Trip and Wellness

10 Best Things to Do in Saint John, NB

10 Best Things to Do in Saint John, NB

The initial piece of information to note about the major port and industrial center in New Brunswick is that its name is consistently written in full as “Saint John” and does not conclude with an “s.” This distinction sets it apart from St. John’s in Newfoundland.

Situated on a rocky point where the Saint John River meets the Bay of Fundy, the city boasts a fascinating phenomenon: twice daily, the bay appears to reverse its flow into the river, thanks to the Bay of Fundy’s exceptionally high tides and a narrow gorge at the estuary’s end. This unique spectacle is known as the Reversing Falls and stands as one of New Brunswick’s best tourist attractions.

However, Saint John offers much more to explore. Its historic streets, museums, and art galleries contribute to its status as one of Atlantic Canada’s favored cruise ports. Throughout the cruising season, you’ll likely witness ships docked at the bustling uptown.

Established in 1783 by Loyalists escaping the American Revolution, the city still preserves a few buildings from that era. Nevertheless, a devastating fire in 1877 destroyed over half the town, resulting in many of the distinctive brick and stone structures dating back to the Victorian era.

Uncover the city’s top attractions with our curated list of the best things to do in Saint John.

1. Reversing Falls, Skywalk, and Stonehammer Geopark

Reversing Falls, Skywalk, and Stonehammer Geopark
Source: tripadvisor

One of the optimal locations to truly grasp the formidable impact of the Bay of Fundy tides is at the narrow gorge situated at the head of the harbor. Here, the incoming tide is compelled over a rock ridge, generating an upstream waterfall. The eight-meter variation in sea levels between high and low tide leads to the reversal of the Saint John River’s flow, resulting in a turbulent array of whirlpools as it contends against the natural outward current. After twelve hours, the river reverts to its usual course, and the falls cascade over the stone ridge in the opposite direction.

For the best observation of this phenomenon, visit the Reversing Falls Bridge, which spans the narrowest section of the gorge, or explore the new Skywalk Saint John located at the bridge’s end. The observation platform extends more than eight meters from the cliff, and glass floor panels offer a transparent view of the falls and whirlpools 30 meters below. Interactive displays elucidate the tidal dynamics of the falls and the geological features of the cliffs on either side.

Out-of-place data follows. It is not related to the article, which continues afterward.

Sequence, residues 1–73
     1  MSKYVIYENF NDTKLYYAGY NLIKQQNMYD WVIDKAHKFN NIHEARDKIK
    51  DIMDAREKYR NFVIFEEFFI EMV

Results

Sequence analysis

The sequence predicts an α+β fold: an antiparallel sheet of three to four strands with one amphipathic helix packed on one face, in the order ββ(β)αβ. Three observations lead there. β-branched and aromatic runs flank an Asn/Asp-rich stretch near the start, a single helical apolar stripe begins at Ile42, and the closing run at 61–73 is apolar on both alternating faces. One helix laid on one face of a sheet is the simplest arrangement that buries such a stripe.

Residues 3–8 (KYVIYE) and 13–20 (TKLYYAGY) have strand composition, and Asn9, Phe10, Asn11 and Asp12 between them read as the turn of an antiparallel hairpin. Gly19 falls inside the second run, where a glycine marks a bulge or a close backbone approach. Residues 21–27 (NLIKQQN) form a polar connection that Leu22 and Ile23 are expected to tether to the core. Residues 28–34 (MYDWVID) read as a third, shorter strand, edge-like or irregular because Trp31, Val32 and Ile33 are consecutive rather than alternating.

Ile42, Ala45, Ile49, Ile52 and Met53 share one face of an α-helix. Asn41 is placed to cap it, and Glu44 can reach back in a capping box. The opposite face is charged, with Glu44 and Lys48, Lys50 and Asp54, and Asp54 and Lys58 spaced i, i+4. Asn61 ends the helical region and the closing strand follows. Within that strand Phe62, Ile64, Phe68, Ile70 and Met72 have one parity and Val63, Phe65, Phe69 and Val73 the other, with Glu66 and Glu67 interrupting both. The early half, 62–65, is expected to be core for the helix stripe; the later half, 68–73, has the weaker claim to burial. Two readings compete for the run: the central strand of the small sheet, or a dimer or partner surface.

Witness the vigorous rush of water at Fallsview Park, adjacent to the phenomenon, where Stonehammer Geopark—the only UNESCO-listed global geopark in North America—provides information on the tides and the cliff’s geology. For a closer experience, consider a boat ride into the gorge or a zipline adventure above the surging waters.

2. Irving Nature Park

Irving Nature Park
Irving Nature Park

Established for the preservation of an 11-kilometer stretch along the Bay of Fundy shoreline, the 600-acre Irving Nature Park is situated on a narrow peninsula encompassing six distinct ecosystems. Enriched with forests, mud flats, salt marshes, volcanic rock, and an extensive sandy beach, the landscapes undergo continuous transformations with the rhythmic ebb and flow of the Fundy tides. Embedded within its marine clay, remnants of a bygone era include 13,000-year-old clam shells, formed when the park served as the outlet of the Saint John River before the glacial period. Accessible through eight walking trails of varying lengths, the park frequently offers free guided tours led by its staff.

With over 250 species of migratory and marine birds recorded, the boardwalk through the marsh provides an excellent observation point for bird enthusiasts. The Seal Observation Deck allows visitors to witness harbor seals, while the park also features picnic areas and a newly added children’s park with a playground and two cedar hedge mazes.

3. Saint John City Market

Saint John City Market
Saint John City Market

The enduring market hall, a classic structure, stands as one of the rare survivors of the Great Fire that engulfed the city merely a year after its inauguration in 1876. Regarded as the oldest ongoing farmer’s market in Canada, the hall was constructed to provide a year-round venue for the local open-air markets. Presently, a ringing bell marks the commencement and conclusion of trade each market day, occurring from Monday through Saturday.